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Love in the time of coronavirus: Maryland will allow marriage applications by mail, email to avoid courthouse visits

Couples planning weddings in Maryland can now apply for marriage licenses by email, mail or at a courthouse dropbox as courthouses across the state remain closed due to the coronavirus pandemic.

“By removing the in-person marriage license application requirement, circuit courts will now be able to process marriage licenses by mail or remotely, which will be a great benefit to couples who have had to cancel or alter their wedding plans due to the COVID-19 emergency,” Charlene M. Notarcola, clerk of the court, Circuit Court for Cecil County, who also serves as chair of the Conference of Circuit Court Clerks, said in a statement Friday.

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Before the pandemic, couples were required to fill out applications in person.

The one-page application, which requires couples to provide personal information to the court such as Social Security numbers and any past marriages, is mandatory for couples to have their marriages recognized by the state. Anyone submitting applications by email should not include Social Security numbers, the statement said, adding that applicants will later have to provide Social Security numbers by phone or video conference.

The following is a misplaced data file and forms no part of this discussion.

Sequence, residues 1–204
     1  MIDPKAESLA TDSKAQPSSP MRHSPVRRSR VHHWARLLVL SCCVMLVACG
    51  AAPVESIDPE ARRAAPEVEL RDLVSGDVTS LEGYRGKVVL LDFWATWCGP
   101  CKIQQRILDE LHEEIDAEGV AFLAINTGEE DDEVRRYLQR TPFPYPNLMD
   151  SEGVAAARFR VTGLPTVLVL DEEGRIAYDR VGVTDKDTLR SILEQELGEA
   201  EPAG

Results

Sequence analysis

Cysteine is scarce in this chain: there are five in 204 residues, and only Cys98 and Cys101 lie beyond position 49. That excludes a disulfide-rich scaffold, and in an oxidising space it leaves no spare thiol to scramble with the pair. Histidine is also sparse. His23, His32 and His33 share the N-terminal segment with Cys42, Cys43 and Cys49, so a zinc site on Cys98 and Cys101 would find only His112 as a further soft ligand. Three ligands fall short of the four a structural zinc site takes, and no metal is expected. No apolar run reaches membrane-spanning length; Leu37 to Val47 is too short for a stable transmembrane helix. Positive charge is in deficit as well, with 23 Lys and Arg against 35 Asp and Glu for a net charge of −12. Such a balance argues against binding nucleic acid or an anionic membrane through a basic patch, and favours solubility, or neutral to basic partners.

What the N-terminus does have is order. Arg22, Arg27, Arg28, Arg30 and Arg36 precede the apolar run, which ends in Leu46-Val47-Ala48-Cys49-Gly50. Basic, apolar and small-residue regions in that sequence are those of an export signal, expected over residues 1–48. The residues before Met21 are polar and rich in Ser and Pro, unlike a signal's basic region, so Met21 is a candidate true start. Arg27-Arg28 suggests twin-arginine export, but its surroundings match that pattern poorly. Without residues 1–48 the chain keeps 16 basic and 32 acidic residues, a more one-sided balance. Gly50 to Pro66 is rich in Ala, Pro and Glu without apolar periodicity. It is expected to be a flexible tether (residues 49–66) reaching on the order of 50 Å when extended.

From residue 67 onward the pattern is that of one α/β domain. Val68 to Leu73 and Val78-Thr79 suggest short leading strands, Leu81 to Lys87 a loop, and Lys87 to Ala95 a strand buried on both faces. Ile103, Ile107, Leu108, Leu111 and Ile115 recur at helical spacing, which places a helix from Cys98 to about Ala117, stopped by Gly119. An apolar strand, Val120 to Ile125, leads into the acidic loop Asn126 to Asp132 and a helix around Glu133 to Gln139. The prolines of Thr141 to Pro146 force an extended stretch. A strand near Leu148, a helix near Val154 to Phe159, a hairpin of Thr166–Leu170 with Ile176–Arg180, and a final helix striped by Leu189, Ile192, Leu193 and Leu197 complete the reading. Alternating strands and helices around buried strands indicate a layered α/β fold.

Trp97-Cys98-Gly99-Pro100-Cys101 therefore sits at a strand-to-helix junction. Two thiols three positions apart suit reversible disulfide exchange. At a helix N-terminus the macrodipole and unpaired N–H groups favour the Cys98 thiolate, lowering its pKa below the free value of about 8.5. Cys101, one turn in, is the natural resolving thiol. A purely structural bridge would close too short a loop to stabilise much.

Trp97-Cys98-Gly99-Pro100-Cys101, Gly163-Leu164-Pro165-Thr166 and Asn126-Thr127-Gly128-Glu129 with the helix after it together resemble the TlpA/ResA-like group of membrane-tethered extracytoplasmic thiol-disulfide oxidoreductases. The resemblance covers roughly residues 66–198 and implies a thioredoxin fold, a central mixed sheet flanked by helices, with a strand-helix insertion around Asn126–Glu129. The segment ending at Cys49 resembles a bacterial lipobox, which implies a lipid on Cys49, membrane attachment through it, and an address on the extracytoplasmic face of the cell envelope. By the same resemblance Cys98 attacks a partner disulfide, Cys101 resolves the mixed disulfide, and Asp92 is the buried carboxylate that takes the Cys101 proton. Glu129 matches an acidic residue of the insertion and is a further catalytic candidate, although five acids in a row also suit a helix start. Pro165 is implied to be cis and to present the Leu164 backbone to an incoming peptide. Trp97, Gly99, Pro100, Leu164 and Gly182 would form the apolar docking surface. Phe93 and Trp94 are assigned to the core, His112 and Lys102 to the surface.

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Information included in the applications must be sworn under oath either before the clerk, either by video conferencing or by an affidavit included with the application. For information about payments, couples should contact the circuit court clerk in the jurisdiction where their marriage will take place.

“Circuit court judges, clerks, and staff are continuing to find innovative ways to incorporate remote processes into daily operations, which now includes marriage license applications,” Judge Laura Ripken, administrative judge, Circuit Court for Anne Arundel County and the Fifth Judicial Circuit, and chair of the Conference of Circuit Court Judges, said in a statement.

Notarcola said clerks statewide are preparing for eventual reopening of the court and "will have protective barriers at counters as well as health and safety supplies for staff, including disinfecting wipes, masks, gloves, and hand sanitizer, along with the ability for court visitors and staff to remain socially distant while at local clerk’s offices.”

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